ShreeMetalPrices: Europe will be Severely Hurt by the Global slump, says OECD


The greatest energy crisis that since 1970s will cause a severely slowdown. With Europe being hardest hit, the OECD said, adding that policymakers’ first goal should be to combat inflation. The world economy should avoid going into recession next year.

Although there are many different national outlooks, the Organisation for Economic Cooperation and Development stated on Tuesday that the British economy is expect to lag behind significant peers.

Compared to the OECD’s September predictions. It predicted that global economic growth would fall from 3.1% this year to 2.2% next year before picking up again to 2.7% in 2024.

The head of the OECD, Mathias Cormann, stated at a press conference to unveil the group’s most recent Economic Outlook, “We are not expecting a recession. But we are definitely projecting a period of considerable weakening.

As per OECD, the global downturn is having an unequal impact on economies. With Europe suffering the most as a result of Russia’s conflict in Ukraine. Which is hurting commercial activity and raising energy prices.

It predicted that the GDP of the 19-member euro zone will rise by 3.3% this year, 0.5% in 2023.

And then 1.4% in 2024. This was a little better than the OECD’s forecast from September. Which predicted 3.1% growth for this year & 0.3% in 2023.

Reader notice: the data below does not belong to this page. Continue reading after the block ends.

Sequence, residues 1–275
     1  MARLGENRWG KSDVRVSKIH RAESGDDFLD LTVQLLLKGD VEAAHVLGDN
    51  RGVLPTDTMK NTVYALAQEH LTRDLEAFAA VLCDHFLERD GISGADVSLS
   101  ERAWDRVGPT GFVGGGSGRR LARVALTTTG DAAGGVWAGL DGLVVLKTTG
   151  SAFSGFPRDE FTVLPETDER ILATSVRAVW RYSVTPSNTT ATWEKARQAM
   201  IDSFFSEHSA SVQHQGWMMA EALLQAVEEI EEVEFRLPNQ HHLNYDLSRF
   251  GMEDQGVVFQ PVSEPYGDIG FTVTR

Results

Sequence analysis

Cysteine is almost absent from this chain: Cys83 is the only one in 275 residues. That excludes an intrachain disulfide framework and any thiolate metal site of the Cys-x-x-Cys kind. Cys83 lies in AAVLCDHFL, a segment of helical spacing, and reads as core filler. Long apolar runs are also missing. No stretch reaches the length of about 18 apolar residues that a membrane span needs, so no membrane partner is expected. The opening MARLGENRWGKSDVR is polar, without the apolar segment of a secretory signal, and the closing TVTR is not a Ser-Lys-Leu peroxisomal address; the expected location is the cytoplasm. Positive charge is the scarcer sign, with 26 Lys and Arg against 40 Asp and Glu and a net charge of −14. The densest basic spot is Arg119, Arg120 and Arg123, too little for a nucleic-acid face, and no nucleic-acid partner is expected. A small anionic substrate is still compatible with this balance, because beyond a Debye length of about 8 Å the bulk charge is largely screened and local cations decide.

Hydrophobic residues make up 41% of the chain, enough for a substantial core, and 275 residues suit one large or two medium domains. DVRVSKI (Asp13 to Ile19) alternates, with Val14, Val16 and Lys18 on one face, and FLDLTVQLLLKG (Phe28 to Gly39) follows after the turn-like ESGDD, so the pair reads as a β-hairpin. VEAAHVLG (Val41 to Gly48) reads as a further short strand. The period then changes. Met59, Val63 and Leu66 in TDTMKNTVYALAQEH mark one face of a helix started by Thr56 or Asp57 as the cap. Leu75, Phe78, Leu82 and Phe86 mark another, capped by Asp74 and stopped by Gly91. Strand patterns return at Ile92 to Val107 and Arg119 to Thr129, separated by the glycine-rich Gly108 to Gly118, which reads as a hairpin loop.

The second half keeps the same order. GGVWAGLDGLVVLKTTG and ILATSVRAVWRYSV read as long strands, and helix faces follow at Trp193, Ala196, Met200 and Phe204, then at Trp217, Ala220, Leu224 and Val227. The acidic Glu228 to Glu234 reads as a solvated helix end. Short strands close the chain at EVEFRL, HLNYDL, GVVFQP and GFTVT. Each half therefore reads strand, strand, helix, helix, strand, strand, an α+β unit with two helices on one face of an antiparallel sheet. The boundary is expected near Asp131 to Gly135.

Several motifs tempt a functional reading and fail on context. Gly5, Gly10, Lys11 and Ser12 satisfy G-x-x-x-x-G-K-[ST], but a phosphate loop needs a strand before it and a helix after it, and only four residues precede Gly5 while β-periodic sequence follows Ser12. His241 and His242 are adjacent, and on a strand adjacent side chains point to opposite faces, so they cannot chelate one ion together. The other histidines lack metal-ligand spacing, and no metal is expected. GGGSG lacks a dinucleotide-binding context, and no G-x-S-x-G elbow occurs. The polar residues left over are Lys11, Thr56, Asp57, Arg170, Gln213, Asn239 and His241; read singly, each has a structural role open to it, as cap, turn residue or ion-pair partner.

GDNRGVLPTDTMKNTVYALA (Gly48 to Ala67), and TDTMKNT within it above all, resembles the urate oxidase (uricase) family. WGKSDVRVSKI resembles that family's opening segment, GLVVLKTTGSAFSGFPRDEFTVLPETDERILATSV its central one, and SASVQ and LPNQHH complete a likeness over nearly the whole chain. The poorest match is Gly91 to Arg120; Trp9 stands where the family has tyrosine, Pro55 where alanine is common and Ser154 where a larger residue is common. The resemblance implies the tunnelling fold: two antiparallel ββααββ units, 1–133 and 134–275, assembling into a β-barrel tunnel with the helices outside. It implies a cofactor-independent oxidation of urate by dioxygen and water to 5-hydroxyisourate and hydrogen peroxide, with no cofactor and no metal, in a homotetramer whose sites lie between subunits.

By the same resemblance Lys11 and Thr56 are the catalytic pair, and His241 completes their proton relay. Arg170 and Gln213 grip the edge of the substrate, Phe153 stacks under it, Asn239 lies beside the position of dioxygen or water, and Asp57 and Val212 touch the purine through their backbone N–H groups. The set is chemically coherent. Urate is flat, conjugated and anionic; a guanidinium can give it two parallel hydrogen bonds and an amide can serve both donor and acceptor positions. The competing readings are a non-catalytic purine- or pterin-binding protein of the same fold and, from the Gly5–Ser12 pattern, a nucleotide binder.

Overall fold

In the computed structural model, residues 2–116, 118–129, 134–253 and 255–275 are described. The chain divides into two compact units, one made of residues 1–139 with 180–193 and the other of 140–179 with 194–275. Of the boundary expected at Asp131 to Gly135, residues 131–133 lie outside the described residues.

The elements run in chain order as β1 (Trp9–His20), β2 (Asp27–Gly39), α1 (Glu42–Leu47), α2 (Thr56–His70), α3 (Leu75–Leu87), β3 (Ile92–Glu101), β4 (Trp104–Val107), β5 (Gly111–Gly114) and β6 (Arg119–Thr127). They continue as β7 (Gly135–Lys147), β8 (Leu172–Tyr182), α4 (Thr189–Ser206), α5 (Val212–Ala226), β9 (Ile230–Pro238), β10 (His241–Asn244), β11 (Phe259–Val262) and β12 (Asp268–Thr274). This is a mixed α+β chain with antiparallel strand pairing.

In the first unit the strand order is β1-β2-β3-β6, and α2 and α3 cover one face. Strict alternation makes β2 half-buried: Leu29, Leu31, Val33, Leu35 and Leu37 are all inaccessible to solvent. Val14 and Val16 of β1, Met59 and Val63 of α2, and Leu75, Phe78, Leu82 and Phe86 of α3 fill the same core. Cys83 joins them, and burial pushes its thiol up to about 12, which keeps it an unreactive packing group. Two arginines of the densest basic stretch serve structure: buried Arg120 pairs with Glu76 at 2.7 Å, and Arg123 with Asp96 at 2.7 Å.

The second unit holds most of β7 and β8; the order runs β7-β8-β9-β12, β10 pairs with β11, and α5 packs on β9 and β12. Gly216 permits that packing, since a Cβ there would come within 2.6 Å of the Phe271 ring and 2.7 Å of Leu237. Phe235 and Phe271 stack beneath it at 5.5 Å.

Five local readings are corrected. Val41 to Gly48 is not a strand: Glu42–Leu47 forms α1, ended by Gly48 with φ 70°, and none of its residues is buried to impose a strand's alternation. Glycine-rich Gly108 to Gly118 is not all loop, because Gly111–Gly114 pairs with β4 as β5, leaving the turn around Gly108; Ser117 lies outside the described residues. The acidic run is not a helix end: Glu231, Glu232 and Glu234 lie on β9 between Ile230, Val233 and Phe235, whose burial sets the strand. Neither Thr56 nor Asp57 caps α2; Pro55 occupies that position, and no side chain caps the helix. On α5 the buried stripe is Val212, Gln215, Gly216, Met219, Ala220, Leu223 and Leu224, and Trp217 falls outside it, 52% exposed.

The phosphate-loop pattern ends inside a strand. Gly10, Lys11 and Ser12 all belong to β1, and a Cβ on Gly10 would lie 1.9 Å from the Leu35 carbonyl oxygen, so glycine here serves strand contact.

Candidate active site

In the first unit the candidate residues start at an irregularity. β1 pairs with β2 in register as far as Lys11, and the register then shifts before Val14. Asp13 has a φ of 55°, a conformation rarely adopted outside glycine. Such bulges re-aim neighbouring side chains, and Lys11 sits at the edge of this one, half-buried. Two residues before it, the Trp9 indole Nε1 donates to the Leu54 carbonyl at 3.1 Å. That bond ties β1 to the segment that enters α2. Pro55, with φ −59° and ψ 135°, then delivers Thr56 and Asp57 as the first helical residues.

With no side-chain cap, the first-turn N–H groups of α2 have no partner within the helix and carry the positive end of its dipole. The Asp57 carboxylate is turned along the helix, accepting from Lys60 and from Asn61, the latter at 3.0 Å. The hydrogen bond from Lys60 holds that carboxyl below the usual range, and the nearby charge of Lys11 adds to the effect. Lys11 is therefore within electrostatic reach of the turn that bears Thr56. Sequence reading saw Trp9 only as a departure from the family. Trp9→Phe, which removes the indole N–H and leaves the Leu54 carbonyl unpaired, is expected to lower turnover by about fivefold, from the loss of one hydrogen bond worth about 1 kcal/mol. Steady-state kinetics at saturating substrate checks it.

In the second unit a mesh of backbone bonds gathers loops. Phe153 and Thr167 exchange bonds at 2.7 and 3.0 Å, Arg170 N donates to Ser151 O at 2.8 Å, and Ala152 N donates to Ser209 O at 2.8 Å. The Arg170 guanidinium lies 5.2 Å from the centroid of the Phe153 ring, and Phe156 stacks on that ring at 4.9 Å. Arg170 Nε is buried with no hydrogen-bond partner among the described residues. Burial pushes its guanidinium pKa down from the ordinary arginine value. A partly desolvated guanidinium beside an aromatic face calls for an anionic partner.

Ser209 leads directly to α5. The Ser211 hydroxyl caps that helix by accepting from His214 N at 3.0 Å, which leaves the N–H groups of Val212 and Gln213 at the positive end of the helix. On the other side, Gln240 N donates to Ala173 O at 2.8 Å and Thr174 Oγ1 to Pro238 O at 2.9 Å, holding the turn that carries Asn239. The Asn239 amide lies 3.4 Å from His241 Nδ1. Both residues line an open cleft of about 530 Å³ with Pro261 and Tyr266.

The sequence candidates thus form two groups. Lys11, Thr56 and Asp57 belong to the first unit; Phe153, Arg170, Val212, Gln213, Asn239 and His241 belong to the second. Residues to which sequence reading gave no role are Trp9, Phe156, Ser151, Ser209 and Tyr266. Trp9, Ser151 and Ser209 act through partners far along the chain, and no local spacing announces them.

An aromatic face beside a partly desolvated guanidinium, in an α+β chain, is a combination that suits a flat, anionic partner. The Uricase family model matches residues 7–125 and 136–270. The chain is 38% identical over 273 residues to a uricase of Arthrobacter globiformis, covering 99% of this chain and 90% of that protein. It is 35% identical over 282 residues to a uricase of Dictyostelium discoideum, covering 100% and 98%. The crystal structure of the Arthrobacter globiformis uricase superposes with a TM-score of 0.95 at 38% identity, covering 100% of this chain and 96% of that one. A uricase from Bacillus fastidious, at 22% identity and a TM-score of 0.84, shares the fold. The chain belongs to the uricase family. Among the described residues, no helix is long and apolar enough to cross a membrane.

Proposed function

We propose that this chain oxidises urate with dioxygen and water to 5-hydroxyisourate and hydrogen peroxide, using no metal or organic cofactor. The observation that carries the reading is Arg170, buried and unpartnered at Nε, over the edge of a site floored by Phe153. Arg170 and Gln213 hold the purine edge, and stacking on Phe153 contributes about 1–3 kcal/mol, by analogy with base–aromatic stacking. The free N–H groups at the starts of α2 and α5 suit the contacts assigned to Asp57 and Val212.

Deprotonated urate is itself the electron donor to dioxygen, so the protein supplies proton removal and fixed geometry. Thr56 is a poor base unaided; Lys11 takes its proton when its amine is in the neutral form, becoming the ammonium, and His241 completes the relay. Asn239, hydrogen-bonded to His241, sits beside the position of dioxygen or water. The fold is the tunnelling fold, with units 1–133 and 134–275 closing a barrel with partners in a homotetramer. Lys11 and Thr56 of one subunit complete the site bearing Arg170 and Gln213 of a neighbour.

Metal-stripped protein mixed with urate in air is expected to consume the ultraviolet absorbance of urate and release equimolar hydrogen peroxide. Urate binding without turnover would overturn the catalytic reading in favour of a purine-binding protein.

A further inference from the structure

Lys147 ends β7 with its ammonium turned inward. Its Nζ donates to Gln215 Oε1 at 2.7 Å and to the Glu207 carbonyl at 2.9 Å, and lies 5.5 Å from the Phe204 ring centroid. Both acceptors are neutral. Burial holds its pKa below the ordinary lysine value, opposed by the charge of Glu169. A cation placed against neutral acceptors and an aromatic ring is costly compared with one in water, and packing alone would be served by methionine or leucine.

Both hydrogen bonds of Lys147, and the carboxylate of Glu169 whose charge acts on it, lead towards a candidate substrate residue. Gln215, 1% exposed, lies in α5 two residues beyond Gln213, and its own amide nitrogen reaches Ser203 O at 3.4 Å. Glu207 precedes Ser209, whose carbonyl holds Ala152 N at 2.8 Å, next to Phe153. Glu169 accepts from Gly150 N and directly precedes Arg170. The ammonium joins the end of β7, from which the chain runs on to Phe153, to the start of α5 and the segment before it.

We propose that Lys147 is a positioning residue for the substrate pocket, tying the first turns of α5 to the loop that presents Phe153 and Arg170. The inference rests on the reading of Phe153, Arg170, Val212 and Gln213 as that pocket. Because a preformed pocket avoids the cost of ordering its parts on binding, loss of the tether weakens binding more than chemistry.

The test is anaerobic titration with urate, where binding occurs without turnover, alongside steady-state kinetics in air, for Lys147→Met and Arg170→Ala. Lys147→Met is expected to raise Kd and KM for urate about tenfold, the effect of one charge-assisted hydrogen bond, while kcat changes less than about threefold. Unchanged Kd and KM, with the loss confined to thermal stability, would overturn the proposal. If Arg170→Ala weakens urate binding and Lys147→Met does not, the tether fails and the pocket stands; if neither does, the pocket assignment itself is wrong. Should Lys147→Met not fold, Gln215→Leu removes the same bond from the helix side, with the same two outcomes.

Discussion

Germany, a regional powerhouse whose industry-driven economy is heavily dependent on Russian energy exports, was expect to fall by 0.3% next year, according to the OECD. Which is less dismal than the 0.7% decline forecast in September

Europe economy forecast for 2023 ?

The French economy, which is significantly less dependent upon Russian gas and oil, is predict to rise by 0.6% next year, despite varying outlooks even within Europe.

Italy was only deem to be growing by 0.2%, which suggests that numerous quarterly contractions are likely.

Outside of the euro zone. It was predicted that the British economy will contract by 0.4% in 2019 as a result of rising interest rates, soaring prices. And low confidence, the OECD had previously projected 0.2% increase.

With growth project to slow from 1.8% in this year to 0.5% in 2023 and then rise to 1.0% in 2024. The U.S. economy was expected to fare better.

The largest economy in the world was only projected to grow by 1.5% this year. While the OECD left its prediction for 2023 constant.

After a wave of COVID lockdowns, China. Which is not an OECD membe, was one of few large economies predict to see growth rise up next year.

In comparison to earlier predictions of 3.2% in 2022 and 4.7% for 2023. Growth there has been seen rising from 3.3% this year to 4.6% by 2023 and 4.1% in 2024.

Inflation was project to decline across OECD countries in more than 9% this year to 5.1% in 2024 as tighter monetary policy takes hold and pressures on energy prices relax.

To securely anchor inflation expectations, Cormann indicat that additional tightening of monetary policy was require in many emerging market nations as well as in most established ones.

Although many governments already has spent a lot of money on energy price restrictions, tax breaks, and subsidies to lessen the pain of rising inflation.

The OECD stated that the high cost indicate that such support would need to be carefully target moving forward.